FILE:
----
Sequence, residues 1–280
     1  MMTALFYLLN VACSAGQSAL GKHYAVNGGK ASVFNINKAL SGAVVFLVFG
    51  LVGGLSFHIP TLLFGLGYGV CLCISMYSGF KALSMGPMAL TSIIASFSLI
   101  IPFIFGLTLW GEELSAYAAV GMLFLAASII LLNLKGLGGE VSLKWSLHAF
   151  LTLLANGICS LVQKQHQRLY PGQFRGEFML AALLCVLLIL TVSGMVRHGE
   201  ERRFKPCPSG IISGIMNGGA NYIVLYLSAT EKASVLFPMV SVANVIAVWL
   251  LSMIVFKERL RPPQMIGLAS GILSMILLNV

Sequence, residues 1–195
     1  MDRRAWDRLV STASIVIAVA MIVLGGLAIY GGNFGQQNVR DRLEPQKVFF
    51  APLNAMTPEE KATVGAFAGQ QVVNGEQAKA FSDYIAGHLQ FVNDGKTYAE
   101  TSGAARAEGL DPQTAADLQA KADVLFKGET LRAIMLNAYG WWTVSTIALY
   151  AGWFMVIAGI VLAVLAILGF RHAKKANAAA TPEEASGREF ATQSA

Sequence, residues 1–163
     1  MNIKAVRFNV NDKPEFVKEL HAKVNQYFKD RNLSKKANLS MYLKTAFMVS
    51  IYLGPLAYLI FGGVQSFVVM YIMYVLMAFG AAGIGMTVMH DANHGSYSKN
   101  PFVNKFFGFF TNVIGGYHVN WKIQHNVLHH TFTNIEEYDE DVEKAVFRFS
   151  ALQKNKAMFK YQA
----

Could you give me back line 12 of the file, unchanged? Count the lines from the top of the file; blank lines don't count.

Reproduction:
   151  AGWFMVIAGI VLAVLAILGF RHAKKANAAA TPEEASGREF ATQSA